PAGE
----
It seems as though I need cheering up – I’ve read more comedy this year than anything else. Hence the second post in succession about comic novels; both of these set in Scotland, one extremely well-known, the other, not so much, but it should be.
Compton MacKenzie’s classic Whisky Galore is perfect for those long dark nights of winter: curled up with a suitable accompaniment. (It must be the not so subliminal message!). The edition from Birlinn has a great dust jacket too! Everyone in that whisky bottle seems to be having a great time.
One February morning in 1941, a cargo ship carrying hundreds of thousands of bottles of whisky ran aground a few sea-miles north of Compton MacKenzie’s home on the Hebridean island of Barra. The islanders rushed to the rescue – the ship’s crew were safe, but the precious cargo? From such stuff was this spirited classic novel born.
Set in the same time frame as the historical incident, whisky is noted by its absence in the first half of the novel. It is a strictly rationed substance as most of Scotland’s output was reserved for export to provide funds for the war. The locals are disgruntled – one dram a day is their allowance, soon reduced further to one dram every two days, The ration is distributed by the local landlord with draconian efficiency. In addition, two couples wish to marry but cannot proceed to their nuptials without the Scottish nectar to oil the necessary ceremonies.
So when the ship is grounded and the rescue operation mounted ….the islanders are very happy … Or would be if the pesky customs and excise and home guard folk would leave them (and their booty) in peace.
MacKenzie (not a Scot, an Englishman and founder of the SNP) left Barra for England in 1944 and wrote this novel as a homage to the Hebrides in 1946. His love for the islands, its people and their language is clear. The introduction to this volume identifies those characters who were modelled on the larger than life islanders of MacKenzie’s acquaintance. So too other plot elements such as the Presbyterian/Catholic divide and rivalries of the Outer Hebrides, transposed without malice onto his two fictional islands: Great and Little Todday. And the incomprehensibilty of the local lingo to foreign (English) ears.
“… really beautiful stuff. You’ll just think you’re sippng cream. Really a babe in arms would hardly know it was whisky. Uisge beatha. Water of Life!”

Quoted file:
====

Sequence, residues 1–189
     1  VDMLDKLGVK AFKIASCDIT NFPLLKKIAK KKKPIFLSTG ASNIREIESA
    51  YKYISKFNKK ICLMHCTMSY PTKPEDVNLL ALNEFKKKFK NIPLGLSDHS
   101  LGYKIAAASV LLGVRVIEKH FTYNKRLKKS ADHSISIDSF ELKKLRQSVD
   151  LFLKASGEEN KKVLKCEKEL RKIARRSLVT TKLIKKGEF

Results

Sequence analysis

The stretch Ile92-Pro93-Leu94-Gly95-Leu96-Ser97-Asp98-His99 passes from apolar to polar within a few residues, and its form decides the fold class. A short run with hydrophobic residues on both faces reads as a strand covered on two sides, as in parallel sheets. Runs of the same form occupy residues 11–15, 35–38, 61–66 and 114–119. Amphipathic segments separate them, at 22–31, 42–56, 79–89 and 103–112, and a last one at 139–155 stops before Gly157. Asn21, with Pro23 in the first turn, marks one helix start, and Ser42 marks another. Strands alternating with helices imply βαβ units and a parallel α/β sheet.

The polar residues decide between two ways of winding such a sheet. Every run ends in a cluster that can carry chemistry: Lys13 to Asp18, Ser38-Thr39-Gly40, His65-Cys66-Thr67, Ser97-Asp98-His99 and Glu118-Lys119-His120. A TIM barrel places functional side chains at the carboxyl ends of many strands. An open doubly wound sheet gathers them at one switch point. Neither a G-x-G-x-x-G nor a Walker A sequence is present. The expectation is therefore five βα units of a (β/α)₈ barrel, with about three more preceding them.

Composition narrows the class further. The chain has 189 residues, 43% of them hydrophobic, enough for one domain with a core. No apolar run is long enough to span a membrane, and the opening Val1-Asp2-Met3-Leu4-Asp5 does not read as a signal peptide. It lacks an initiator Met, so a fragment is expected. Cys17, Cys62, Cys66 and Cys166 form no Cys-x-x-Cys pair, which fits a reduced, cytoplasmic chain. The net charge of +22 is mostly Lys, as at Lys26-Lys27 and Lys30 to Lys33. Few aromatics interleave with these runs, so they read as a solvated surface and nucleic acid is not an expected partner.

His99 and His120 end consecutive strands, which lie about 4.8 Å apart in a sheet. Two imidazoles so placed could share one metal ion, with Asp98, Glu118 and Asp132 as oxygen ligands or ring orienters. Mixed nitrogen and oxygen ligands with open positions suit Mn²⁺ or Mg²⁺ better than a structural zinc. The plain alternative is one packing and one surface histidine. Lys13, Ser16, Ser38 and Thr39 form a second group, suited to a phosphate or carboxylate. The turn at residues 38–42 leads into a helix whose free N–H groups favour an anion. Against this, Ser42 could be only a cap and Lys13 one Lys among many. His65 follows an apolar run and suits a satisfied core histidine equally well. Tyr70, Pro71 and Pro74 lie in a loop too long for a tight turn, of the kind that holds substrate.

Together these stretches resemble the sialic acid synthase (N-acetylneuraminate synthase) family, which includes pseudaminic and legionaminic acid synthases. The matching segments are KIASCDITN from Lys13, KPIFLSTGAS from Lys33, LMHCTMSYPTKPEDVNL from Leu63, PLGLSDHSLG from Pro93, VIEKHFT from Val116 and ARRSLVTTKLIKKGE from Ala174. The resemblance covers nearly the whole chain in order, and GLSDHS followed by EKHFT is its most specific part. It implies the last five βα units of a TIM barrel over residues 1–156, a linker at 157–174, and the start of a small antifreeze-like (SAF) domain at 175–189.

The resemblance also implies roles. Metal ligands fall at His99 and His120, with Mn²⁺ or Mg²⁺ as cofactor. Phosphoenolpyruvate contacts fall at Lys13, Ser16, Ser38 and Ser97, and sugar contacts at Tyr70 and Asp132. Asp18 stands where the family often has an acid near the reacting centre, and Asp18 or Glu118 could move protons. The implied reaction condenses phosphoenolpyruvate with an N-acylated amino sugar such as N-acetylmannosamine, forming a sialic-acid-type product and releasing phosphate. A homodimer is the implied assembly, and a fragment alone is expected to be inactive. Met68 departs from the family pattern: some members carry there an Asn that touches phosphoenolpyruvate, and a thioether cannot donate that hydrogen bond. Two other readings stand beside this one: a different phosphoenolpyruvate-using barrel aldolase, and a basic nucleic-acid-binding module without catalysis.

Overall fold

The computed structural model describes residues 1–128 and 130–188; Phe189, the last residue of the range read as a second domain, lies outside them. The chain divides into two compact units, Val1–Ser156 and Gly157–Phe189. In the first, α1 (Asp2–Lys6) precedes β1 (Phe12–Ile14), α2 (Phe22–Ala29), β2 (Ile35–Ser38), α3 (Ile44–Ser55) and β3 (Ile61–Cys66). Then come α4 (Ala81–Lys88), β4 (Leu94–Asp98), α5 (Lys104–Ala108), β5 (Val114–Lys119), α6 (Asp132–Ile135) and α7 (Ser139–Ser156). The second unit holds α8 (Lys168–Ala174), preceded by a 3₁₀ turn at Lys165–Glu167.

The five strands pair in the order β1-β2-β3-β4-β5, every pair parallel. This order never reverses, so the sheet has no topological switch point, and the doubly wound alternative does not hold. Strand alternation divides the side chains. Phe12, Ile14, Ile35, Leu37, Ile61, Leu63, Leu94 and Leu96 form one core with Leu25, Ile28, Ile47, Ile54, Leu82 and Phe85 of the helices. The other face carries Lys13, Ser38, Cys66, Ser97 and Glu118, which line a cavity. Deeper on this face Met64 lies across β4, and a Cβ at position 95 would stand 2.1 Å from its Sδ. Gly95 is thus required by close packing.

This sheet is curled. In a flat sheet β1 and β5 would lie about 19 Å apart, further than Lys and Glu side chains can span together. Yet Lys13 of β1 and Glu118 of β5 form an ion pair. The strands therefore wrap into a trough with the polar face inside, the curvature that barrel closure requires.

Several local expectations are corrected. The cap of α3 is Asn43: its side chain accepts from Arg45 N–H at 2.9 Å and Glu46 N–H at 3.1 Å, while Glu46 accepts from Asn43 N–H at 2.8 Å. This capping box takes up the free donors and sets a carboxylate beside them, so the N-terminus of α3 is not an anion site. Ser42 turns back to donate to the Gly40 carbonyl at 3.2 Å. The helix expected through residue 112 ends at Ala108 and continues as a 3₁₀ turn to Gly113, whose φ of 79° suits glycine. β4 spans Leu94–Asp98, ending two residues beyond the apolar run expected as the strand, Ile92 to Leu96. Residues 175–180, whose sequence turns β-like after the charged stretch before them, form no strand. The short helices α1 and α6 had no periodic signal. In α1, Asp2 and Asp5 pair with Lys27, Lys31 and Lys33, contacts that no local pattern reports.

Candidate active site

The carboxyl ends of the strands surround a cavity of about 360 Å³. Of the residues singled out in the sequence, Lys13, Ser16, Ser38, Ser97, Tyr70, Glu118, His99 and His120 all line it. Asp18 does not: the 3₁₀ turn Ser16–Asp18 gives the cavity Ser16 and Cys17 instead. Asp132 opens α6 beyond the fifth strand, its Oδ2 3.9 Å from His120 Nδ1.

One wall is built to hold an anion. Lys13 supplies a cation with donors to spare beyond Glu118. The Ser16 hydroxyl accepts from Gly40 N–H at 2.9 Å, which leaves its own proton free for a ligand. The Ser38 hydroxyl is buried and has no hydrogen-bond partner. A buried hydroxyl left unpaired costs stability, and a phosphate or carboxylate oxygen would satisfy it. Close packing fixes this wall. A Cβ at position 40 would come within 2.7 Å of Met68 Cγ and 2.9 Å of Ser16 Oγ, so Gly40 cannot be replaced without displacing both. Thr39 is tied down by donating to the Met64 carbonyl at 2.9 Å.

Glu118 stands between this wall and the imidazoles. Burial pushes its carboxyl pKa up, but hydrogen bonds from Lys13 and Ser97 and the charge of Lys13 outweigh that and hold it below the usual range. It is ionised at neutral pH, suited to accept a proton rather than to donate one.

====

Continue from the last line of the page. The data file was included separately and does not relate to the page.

“That’s garlic, I suppose.”
“Ay, Gaelic it is. What a pity you don’t know our glorious language.”
“Say that again, will you, Father Macalister’
“I see. Something like a sneeze and a yawn,” said Mrs Odd.
Nothing like the novel, I hasten to add.
Switching now from the west to the east of Scotland and Inverness, Bobby Darbyshire’s Love, Revenge and Buttered Scones promises a treat that is as delicious as it sounds. Particularly if you like the idea of a book group and an author event with unforeseen consequences.
Henry Jennings is Marjorie MacPherson’s biggest fan. Having bombarded her with fan mail and love letters over the years, she invites him to a very special event at Inverness Library. He decides to travel up from London to attend. Things begin to go awry on the train – he spots his estranged younger brother and would-be poet, Peter, and is horrified when he also disembarks at Inverness.
He makes his way to the library, as does Peter. Chaos ensures as he manages to avoid his brother, meets a lovely librarian, named Fiona (honestly, all Fionas are lovely), bumps into a Spanish lady called Elena and, of course, encounters Marjorie MacPherson, who surprises him in a way he cannot handle. One snowstorm, and a day later, a wounded Henry Jennings grabs his opportunity to flee Aberdeen, accompanying Elena to The Loch Craggan hotel to interview the reclusive author, Angus Urquhart. He is surprised to find Fiona is driving them there and horrified that Peter is already sitting in the front seat!
Nor is that the only unpleasant surprise for Henry because Marjorie MacPherson turns up at the hotel as well! Poor man: chagrined beyond all measure, tormented by the cruel wit of his brother, can the new ladies in his life provide comfort? What is about the old goat, Angus, who bounds up and down the mountains as sure footedly as a goat, that binds Peter, Fiona and Elena together? Who will find love, who revenge and who will settle for buttered scones?
I have no notes/no quotes to refer to because I was too busy turning the pages of this fantastic farce with melancholic undertones. Embellished with loneliness, vanity, revenge, sexual politics and a chef who bakes buttered scones to die for! Together with surprising happy endings for all. The plot is, of course, slightly unfeasible, but who cares?
I read this novel as part of #tbr20. My only regret is that it sat unloved in the TBR for nigh on 5 years before I did so.
Whisky Galore / Love, Revenge and Buttered Scones